Architect Peter Ibbetson is hired by the Duke of Towers to design a building for him. Ibbetson discovers that the Duchess of Towers, Mary, is his now-grown childhood sweetheart. Their love ... See full summary »
In revolution-torn China, American mercenary O'Hara is entrusted with a perilous mission, to get arms for the helpless authorities in a province ravaged by warlord General Yang. On the train to Shanghai, he meets Judy Perrie, whose father is in league with Yang. Will Judy regret agreeing to lure O'Hara to his doom, and if so, can she make it up to him? The balance of power seesaws to a perilous conclusion.Written by
Rod Crawford <email@example.com>
The main character, O'Hara, is based on the real-life adventurer Morris "Two-Gun" Cohen (1887-1970). Born in Poland to a Jewish family, Cohen grew up in the tough streets of London's East End. As a teenager, he moved to western Canada and became a ranch hand and gambler in Saskatchewan, and later a highly successful real-estate agent in Alberta. During World War I he fought in Europe with the Canadian Railway Troops. His friendship with Chinese workers on the Canadian-Pacific Railroad prompted him to go to China in the 1920s. After negotiating a railroad deal with Dr. Yat-sen Sun, Cohen became a personal bodyguard to Sun and a trainer of Sun's private army. After Sun's death in 1925, Cohen ran guns for various Chinese warlords throughout the 1930s. When the Japanese invaded China in 1937, Cohen continued to supply Chinese resistance forces with arms and served with the British SOE. In 1941, following the fall of Hong Kong, he was captured by the Japanese and put in a prison camp, but was traded to the English in 1943 in a rare prisoner exchange. After the war, Cohen continued to operate in China as an agent for various British firms, including Rolls-Royce and Decca Radar. His former dealings with Chinese warlords kept him in good standing with Chinese Communist officials until his death in 1970. See more »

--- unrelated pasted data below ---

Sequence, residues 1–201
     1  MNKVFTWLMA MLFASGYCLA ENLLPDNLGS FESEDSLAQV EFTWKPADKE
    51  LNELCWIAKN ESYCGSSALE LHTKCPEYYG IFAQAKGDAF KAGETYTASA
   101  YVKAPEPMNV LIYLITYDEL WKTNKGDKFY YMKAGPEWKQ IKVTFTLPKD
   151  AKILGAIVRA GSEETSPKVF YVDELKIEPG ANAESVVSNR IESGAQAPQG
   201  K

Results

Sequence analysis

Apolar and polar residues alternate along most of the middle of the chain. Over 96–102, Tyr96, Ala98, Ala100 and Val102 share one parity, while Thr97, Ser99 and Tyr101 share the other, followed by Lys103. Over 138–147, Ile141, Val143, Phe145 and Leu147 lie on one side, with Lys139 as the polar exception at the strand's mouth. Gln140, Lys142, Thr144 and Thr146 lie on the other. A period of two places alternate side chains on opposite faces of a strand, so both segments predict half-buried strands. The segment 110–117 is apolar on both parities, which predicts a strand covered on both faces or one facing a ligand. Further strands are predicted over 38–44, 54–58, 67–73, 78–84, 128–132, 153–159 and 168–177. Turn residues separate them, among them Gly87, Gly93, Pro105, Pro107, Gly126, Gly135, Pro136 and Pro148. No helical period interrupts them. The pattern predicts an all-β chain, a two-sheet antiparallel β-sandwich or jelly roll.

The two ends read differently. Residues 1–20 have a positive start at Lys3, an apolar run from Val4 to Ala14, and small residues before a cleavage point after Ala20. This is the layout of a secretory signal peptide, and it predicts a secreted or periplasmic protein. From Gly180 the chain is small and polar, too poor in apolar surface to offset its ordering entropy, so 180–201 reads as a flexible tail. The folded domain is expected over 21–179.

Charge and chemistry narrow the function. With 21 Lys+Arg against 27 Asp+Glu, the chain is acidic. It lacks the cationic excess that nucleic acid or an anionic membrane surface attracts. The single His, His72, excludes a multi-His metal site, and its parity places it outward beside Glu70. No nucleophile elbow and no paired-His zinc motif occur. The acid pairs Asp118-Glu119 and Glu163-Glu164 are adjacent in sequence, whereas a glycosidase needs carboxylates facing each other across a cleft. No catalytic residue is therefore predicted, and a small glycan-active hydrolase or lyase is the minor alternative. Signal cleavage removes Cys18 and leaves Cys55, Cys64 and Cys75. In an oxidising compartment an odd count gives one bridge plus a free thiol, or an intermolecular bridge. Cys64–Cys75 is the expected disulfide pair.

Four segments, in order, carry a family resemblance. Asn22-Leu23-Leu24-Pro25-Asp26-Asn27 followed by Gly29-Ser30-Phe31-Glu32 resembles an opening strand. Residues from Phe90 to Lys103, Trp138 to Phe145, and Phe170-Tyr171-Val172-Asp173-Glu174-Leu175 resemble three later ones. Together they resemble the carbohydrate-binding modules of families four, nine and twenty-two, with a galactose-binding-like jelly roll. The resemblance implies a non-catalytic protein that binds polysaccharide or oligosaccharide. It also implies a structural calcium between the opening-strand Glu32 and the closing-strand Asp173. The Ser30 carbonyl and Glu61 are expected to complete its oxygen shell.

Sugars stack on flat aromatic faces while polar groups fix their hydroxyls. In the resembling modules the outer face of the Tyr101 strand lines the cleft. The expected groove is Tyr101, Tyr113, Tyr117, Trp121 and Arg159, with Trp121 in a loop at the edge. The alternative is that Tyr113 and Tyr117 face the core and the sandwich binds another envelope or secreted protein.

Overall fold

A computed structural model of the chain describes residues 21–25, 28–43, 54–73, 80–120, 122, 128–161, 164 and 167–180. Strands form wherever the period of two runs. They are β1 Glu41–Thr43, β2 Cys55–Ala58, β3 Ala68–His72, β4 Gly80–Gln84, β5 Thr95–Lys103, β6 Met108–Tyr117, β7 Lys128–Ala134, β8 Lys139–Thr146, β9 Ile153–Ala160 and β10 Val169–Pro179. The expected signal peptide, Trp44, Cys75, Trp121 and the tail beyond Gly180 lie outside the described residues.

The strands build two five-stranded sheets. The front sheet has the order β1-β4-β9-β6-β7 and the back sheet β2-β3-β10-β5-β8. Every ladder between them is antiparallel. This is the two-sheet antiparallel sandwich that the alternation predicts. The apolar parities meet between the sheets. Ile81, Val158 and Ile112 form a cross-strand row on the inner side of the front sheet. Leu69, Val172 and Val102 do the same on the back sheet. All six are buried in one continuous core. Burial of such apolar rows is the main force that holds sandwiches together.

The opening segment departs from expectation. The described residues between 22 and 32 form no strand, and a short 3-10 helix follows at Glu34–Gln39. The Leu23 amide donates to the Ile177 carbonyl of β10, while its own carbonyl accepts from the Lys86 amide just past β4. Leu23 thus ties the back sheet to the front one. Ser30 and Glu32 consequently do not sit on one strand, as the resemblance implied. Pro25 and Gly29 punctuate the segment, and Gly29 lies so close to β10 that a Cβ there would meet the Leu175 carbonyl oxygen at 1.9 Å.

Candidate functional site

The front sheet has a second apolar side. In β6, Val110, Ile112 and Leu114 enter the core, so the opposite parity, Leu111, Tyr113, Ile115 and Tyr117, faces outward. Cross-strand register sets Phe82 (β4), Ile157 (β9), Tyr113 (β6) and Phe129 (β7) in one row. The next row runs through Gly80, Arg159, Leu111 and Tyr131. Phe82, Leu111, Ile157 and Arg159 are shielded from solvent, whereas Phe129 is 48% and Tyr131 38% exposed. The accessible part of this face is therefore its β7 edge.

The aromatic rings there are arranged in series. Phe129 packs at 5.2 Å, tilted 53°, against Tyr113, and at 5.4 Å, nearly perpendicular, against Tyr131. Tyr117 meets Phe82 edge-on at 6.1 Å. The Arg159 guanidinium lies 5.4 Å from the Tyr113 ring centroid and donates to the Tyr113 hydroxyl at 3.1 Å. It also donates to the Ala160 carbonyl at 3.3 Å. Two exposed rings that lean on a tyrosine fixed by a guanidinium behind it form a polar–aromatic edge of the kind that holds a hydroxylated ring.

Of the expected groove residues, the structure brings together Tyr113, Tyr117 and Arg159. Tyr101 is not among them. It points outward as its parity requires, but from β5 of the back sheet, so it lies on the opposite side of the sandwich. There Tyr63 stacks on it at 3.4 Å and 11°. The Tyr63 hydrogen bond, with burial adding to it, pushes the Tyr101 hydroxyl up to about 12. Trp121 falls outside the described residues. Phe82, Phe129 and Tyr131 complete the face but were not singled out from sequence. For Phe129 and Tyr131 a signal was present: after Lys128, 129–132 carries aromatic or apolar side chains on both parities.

While arguing with Peter, Judy slams a book down on the desk. A couple of other books on the corner of the desk disappear in a later scene. See more »
Let me tell you, dreamboat. Don't think I fell for you. A tree with a flower on: I'd've fallen for that, the way I was feeling. A fish on a dish would-a got me.
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The opening credits all appear on the sails of boats. See more »
I was surprised at the low rating for this film at IMDb, 6.7 as of this writing. I found it a very enjoyable film. I'm a sucker for strong, moody visuals, and this film sure has them. In fact, about half way through I began to wonder, with all the shadows and fishing nets, if this were a Von Sternberg film. The script, which some reviewers found too wordy or too preachy, I found very engaging. The pacing was excellent.
Some reviewers have taken offense at the two main Chinese characters being played by occidentals who spoke pigeon English. Well, that's how films were made back then. Sure it seems unfair to modern viewers. It was unfair. Is that reason to trash the whole film? The Asian actors who had speaking roles came across as intelligent and well spoken.
If you're in the mood for some dark, exotic espionage, I definitely recommend this.
6 of 7 people found this review helpful.
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